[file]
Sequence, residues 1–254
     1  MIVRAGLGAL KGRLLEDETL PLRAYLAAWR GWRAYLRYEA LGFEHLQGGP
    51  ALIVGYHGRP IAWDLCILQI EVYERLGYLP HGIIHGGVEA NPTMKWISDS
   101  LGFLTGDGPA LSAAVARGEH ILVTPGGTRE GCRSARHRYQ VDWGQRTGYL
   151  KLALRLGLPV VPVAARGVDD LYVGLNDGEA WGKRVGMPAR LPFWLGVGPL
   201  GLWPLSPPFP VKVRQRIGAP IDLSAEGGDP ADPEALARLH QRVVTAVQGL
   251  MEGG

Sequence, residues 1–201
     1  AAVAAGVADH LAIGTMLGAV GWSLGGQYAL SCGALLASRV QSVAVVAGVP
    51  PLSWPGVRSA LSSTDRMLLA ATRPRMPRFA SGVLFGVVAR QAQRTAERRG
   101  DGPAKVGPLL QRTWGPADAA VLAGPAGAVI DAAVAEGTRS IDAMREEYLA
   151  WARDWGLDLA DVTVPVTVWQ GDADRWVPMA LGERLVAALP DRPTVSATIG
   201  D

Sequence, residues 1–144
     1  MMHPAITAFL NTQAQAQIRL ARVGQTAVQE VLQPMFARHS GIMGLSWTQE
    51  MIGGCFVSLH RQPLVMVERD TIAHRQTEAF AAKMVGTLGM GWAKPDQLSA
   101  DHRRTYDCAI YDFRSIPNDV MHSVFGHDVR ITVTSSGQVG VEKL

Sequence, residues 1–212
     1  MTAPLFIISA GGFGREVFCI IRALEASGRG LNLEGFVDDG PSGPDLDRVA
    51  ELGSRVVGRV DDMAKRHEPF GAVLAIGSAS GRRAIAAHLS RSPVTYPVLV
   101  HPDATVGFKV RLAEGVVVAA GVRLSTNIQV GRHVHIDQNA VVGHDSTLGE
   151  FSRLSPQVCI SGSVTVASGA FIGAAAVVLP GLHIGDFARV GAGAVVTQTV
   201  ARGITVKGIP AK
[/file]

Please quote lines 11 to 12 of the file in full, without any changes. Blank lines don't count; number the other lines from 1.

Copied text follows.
   101  DGPAKVGPLL QRTWGPADAA VLAGPAGAVI DAAVAEGTRS IDAMREEYLA
   151  WARDWGLDLA DVTVPVTVWQ GDADRWVPMA LGERLVAALP DRPTVSATIG